Turkey: Patents In Europe: Helping Business Compete In The Global Economy 2019/2020

Last Updated: 16 May 2019
Article by Selin Sinem Erciyas and Zeynep Çağla Üstün

Q: What options are open to a patent owner seeking to enforce its rights in your jurisdiction?

Article 149 of the Industrial Property Code 6769 (IP Code) sets the legal framework for claims that can be asserted by the rights holder and the scope of the injunctions that can be granted by the court.

Accordingly, a person can request the court to:

  • determine whether the third party infringes the patent;
  • decide on the prevention of the infringement;
  • decide to stop the action that constitutes infringement;
  • decide for material and immaterial compensation;
  • decide to impound the products whose manufacture and use are sanctioned by penalties because of the infringement of rights, as well as the devices, machines and other instruments, to the extent that the production of other products that do not infringe any rights is not obstructed;
  • decide to assign the property rights to the materials impounded;
  • decide to take measures that prevent a continuation of the infringement, in particular to:
    • change the form of the materials impounded; and
    • destroy the materials if unavoidable for the prevention of industrial property rights infringement; and
  • decide to publish the final ruling fully or as an abstract in a daily newspaper or similar medium, and to notify the final ruling to the interested parties,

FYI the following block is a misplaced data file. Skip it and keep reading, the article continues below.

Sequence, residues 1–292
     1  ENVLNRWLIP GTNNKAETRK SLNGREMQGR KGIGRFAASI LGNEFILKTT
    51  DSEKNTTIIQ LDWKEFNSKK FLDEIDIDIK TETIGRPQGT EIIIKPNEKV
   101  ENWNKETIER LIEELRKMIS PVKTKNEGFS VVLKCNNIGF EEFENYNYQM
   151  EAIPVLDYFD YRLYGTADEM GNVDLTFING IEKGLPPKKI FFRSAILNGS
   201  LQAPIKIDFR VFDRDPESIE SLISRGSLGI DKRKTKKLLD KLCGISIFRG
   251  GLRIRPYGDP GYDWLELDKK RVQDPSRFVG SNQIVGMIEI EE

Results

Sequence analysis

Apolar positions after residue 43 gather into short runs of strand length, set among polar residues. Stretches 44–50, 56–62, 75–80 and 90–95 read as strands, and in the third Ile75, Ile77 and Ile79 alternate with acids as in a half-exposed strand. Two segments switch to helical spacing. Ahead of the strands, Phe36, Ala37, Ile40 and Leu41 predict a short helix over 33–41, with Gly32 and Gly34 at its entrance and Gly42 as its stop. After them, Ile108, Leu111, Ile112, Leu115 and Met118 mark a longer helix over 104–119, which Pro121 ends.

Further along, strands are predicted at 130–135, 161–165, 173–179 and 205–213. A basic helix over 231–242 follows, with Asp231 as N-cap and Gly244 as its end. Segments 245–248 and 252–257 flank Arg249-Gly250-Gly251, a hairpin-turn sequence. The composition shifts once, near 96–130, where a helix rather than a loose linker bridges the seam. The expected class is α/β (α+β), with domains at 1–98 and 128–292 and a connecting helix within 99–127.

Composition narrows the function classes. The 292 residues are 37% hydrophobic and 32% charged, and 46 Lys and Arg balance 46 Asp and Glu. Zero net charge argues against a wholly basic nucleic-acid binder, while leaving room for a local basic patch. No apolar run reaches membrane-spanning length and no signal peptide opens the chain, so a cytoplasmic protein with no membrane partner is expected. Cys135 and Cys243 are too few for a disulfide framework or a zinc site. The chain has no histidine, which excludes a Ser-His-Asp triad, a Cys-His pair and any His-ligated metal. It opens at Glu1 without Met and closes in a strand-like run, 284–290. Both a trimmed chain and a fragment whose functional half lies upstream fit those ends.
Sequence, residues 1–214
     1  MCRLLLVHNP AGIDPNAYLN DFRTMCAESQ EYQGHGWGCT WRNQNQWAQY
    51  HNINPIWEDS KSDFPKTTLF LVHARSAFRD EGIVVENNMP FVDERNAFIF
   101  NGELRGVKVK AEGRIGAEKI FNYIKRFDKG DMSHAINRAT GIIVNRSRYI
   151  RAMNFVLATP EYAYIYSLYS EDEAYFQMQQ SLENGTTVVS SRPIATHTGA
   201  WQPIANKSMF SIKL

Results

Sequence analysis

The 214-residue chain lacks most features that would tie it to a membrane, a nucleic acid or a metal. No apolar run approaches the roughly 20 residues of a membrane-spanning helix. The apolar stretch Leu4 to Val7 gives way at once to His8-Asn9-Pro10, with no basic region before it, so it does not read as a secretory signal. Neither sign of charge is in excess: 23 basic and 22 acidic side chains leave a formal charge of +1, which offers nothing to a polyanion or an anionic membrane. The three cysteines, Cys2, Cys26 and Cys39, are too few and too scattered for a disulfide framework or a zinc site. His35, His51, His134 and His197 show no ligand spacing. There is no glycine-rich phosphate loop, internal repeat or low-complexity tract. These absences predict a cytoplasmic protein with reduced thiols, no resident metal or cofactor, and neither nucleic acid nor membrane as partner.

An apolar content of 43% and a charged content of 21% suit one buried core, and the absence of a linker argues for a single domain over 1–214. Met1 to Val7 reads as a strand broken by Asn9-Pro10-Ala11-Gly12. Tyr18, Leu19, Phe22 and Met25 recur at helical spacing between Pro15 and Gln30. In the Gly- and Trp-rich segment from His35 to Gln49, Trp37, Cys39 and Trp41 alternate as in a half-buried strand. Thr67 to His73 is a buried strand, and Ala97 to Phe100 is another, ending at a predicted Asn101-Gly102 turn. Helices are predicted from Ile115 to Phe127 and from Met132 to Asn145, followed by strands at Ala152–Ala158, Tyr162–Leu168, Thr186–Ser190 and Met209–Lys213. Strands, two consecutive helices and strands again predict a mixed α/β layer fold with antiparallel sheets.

According to Article 159 of the IP Code, persons who have commenced or will commence legal proceedings under the law can request a preliminary injunction in order to ensure the effectiveness of the infringement action, provided that they bring evidence of the actual use of the patent in Turkey or serious and effective preparations to use the patent in question.

There are also border measures that can be applied by a patent owner, as per Article 159/2.

Q: Are parties obliged to undertake mediation/arbitration before bringing a case before the courts? Is this a realistic alternative to litigation?

The Code on the Process of the Follow-up of Money Receivables from the Subscription Agreement 7155 (published in the Official Gazette on 19 December 2018), as well as Articles 20 and following of the code, amend Article 5 of the Commercial Code to foresee a mandatory mediation for commercial actions regarding compensation and claims for payment of a certain amount of money as a cause of action. Articles 20 and 21 of the newly published code entered into force on 1 January 2019 and are not applicable to actions which are already pending before the first-instance court, district courts and court ofappeals.